For the soup course or a standalone meal, the famous fish stew from Portugal’s most southern region, the Algarve, Cataplana makes an excellent choice. This dish is cooked in a clam-shaped copper or steel pan, also called a cataplana, which seals in all the flavors and aromas of the ingredients. The fresh seafood, tangy tomatoes, and spicy sausage blend perfectly together in this dish. To elevate the flavors I suggest the sparkling red wine, Baga Espumante, from the Bairrada wine region just south of the Duoro, made using the unique grape variety, Baga, as the perfect pairing. Baga is a dark-skinned grape naturally high in acidity, creating a tart sparkler that holds up to the bold flavors of the Cataplana stew.
The wines of Portugal are well suited to the cuisine and culture of the Northern Gulf Coast. There seems to be a Portuguese wine perfect for any setting. Whether enjoying a beautiful day at the beach or indulging in a variety of our local foods such as Cajun-inspired seafood dishes and sausages. A Portuguese wine will always enhance the experience.
Speaking of beach days, be sure to include on your list of summer drinks for fun in the sun, the ever-popular Sangria. While similar to the Sangria in Spain, Portuguese Sangria is primarily made from only red wine and it often includes a splash of brandy. The wine used is usually a young and fruity red, and the fruit used in the mix can vary but commonly includes oranges, lemons, and apples. Some recipes also call for the addition of cinnamon or other spices. The resulting drink is fruity, refreshing, and perfect for sipping on a warm summer day at the beach. It is a quintessential Portuguese drink and cannot be left out of any conversation involving Portuguese culinary culture.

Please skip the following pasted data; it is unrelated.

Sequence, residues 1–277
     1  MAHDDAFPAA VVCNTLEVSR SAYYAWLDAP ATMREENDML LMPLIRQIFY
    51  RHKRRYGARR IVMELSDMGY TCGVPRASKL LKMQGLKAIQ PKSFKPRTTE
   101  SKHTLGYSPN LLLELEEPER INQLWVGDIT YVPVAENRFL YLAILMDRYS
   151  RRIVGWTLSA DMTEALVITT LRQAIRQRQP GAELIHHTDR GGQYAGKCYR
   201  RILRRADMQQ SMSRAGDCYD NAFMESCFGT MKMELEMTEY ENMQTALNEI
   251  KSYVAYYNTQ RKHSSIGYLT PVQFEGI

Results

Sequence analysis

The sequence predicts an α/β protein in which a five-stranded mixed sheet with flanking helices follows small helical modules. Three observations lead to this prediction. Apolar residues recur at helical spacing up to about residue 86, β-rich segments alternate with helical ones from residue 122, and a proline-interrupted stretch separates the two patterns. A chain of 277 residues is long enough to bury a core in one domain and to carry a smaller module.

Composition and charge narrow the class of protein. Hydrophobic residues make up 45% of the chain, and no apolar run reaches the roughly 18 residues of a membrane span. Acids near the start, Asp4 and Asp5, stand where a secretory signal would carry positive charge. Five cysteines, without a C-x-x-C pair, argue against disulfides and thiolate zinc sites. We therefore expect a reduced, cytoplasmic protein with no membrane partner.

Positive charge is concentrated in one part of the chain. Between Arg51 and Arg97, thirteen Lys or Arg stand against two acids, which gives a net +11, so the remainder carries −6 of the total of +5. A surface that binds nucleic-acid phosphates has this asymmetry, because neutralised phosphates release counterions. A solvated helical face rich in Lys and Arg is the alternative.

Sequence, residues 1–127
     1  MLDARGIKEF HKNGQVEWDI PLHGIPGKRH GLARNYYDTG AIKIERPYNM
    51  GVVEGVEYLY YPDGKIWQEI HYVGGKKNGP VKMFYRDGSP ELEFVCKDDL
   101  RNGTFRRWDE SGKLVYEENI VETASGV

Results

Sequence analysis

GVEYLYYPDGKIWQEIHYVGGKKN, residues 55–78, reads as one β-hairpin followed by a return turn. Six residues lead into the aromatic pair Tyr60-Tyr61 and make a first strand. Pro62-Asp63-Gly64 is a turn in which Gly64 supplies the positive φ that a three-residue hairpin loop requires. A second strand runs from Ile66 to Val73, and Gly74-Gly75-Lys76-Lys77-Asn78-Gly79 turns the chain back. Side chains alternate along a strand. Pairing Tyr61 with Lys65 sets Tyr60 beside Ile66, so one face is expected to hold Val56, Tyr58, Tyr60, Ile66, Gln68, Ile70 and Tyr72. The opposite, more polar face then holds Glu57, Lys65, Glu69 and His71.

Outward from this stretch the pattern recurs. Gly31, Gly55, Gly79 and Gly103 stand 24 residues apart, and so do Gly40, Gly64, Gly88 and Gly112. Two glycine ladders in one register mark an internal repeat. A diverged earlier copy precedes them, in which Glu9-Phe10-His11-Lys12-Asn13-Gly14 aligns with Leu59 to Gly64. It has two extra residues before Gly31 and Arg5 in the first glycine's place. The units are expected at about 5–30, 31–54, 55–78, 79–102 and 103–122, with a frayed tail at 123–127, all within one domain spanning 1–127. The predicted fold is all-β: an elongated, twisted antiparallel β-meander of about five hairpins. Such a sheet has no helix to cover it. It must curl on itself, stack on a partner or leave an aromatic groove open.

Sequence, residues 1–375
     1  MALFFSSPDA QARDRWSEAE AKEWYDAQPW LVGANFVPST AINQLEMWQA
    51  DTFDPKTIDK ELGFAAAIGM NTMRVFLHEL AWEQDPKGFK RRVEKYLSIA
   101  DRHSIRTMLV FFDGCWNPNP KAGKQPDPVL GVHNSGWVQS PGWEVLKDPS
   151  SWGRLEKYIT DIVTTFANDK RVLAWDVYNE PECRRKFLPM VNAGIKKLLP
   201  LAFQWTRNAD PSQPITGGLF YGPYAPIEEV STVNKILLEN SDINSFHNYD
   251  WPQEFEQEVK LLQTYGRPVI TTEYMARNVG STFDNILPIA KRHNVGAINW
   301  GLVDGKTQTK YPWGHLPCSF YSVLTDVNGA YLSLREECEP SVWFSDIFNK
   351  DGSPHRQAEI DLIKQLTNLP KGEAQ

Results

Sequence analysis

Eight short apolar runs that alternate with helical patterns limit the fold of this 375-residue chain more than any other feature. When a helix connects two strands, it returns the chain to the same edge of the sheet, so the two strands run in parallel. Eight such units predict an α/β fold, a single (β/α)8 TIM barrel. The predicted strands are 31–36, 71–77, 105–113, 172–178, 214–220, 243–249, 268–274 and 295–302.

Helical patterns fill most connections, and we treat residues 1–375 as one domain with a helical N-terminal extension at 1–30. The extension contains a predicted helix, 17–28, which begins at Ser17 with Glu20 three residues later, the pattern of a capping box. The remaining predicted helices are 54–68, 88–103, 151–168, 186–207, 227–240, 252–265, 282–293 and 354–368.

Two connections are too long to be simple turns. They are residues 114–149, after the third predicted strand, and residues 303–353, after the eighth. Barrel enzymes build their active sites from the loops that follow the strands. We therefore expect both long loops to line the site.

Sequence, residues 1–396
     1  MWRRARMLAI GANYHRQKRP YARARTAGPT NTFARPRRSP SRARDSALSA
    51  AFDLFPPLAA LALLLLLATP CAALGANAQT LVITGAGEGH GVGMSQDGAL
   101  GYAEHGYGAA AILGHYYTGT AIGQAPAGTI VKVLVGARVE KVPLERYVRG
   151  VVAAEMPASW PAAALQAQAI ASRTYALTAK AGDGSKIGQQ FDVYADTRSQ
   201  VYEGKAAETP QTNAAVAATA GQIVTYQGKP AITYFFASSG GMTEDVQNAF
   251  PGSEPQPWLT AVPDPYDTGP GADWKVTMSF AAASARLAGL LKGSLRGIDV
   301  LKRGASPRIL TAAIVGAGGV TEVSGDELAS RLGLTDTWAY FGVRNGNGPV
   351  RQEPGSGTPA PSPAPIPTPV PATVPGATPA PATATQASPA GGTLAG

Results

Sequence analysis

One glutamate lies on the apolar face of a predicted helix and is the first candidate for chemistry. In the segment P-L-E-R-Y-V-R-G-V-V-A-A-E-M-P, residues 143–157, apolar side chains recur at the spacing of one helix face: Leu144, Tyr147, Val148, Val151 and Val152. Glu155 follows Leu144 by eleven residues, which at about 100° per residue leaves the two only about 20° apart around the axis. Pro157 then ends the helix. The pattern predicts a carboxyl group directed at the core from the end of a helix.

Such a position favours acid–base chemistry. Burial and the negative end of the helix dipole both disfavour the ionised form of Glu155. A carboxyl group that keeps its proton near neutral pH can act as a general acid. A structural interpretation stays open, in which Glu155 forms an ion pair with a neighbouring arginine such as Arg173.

Another Portuguese drink that needs to be mentioned when talking about perfect summer drinks is the Porto Tonico with part of its allure being simplicity. It is a white port served with twice that amount of tonic water, add in a sprig of mint and an orange wedge and you have a lightly sweet and refreshing cocktail to sip on while you figure out your plans for the evening ahead while the sun slowly sets over the horizon.